A Sound Body, a Healthy Mind

Paying heed to one enhances the other, experts say

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By E.J. Mundell
HealthDay Reporter

SATURDAY, Nov. 4, 2006 (HealthDay News) -- You eat right, get enough sleep, and see your doctor when you should.

That's all well and good, but a growing body of research shows that a really healthy body relies on a stimulated, contented mind.

"Physical and mental well-being are closely intertwined," said James Maddux, a professor of psychology at George Mason University, in Fairfax, Va., and a leading expert on the physical benefits of good mental health.

According to Maddux, achieving a balance among the emotional, spiritual and physical facets of health should be an end in itself. It also means paying attention to those aspects of life that can bring you pleasure or pain.

Work -- where most of you spend one-third of your adult lives -- is one such arena.

"One of the main ways in which people seek meaning in life is through their work -- through being productive and feeling productive," Maddux explained. And he noted that the type of job you have may not be as important as your attitude toward that job.

"There was a study done several years ago where they looked at the job satisfaction of people who worked in hospitals -- everyone from the people who scrubbed the bathrooms, the cafeteria workers, the nurses, all the way up to physicians and hospital administrators," he said. "Satisfaction with their job had nothing to do with what kind of a job they had, but it did have to do with how much they saw their job contributing, in important ways, to the overall goal of the hospital."

Studies have also shown that job satisfaction can help boost physical health, perhaps by reducing stress. But loving what you do can also create that state of "flow" that psychologists believe is important to mental health. Even more than leisure-time pursuits, "work helps put people into that flow state, where they are no longer focusing on themselves but the task at hand," Maddux said.

Then there are relationships, and the emotional ups and downs they bring. For most people, interacting with others enhances well-being, Maddux said.

"The research shows that people who are extroverted and people-oriented tend to be happier than people who are introverted and more socially isolated," he said. That's especially true for long-term, intimate relationships such as marriage, which has been shown in study after study to enhance both mental and physical well-being.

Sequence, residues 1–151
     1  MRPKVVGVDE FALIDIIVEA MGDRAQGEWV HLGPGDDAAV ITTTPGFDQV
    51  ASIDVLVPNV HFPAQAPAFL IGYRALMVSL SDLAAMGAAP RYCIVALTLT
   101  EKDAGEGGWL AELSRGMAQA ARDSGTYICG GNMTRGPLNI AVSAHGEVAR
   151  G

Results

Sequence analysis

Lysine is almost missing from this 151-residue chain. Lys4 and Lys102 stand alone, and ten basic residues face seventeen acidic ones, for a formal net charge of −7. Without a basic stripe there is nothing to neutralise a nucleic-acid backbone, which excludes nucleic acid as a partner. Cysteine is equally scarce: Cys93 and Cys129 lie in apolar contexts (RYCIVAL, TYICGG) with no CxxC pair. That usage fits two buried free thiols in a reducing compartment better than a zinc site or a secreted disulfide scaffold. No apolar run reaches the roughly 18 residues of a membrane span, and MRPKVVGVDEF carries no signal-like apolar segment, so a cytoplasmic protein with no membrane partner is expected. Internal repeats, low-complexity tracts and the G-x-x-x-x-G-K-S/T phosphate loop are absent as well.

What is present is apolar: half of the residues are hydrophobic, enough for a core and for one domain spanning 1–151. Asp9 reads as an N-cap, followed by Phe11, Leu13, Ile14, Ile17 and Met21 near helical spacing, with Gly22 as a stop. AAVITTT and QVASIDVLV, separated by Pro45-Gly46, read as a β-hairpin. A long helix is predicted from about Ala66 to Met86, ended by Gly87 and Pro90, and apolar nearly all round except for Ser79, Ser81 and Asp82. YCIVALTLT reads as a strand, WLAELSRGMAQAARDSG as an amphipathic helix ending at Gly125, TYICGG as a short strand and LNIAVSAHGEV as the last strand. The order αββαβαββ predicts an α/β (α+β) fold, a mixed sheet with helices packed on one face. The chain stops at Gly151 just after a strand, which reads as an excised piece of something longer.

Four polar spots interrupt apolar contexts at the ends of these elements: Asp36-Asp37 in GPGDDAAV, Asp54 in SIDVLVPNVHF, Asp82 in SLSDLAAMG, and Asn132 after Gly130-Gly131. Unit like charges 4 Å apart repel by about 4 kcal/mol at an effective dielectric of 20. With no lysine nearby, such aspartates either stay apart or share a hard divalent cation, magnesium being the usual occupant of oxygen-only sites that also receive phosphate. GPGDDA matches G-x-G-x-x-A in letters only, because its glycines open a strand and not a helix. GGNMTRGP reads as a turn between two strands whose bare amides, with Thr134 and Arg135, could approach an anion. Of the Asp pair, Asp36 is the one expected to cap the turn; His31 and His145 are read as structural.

"Remember, when you're married, you have someone monitoring your health and your behaviors, helping you make the kinds of changes that you need to maintain your health," Maddux said.

But there's hope for single Americans, too, he added: "What people tend to get from happy marriages is companionship, social support, emotional support -- all of which people are capable of getting from other relationships, too."

For many Americans, the relationship that sustains them the most is a religious or spiritual one.

"All the research shows that, for the most part, people who are religious in the conventional way tend to be happier, more altruistic and physically healthier," Maddux said. The reasons for that aren't clear, he said, adding, "It may be that they simply take better care of themselves."

The same phenomenon may hold true for people who don't necessarily believe in God, per se, but follow a spiritual code such as Buddhism, he added.

Other studies have also shown that stimulating activities -- everything from crossword puzzles to travel to sports -- enhance brainpower and stave off age-related mental decline.

Exercise, especially, "works better than some drugs" at beating depression, Maddux said. Organized sports can also help people achieve that healthy "flow state" while engaging in stimulating socialization.

All of these activities, and more, can work together to create a mental and physical equilibrium that encourages all-around health, Maddux said.

However, the exact recipe will probably be different for everyone.

"What is a 'balanced' life for one person isn't necessarily a balanced life for someone else," Maddux stressed. "The key is not assuming that the way other people achieve happiness in life is the way you have to achieve it."

More information

For more on the mind-body connection, head to the Franklin Institute.

SOURCE: James Maddux, Ph.D., professor, psychology, and director, clinical training, department of psychology, George Mason University, Fairfax, Va.

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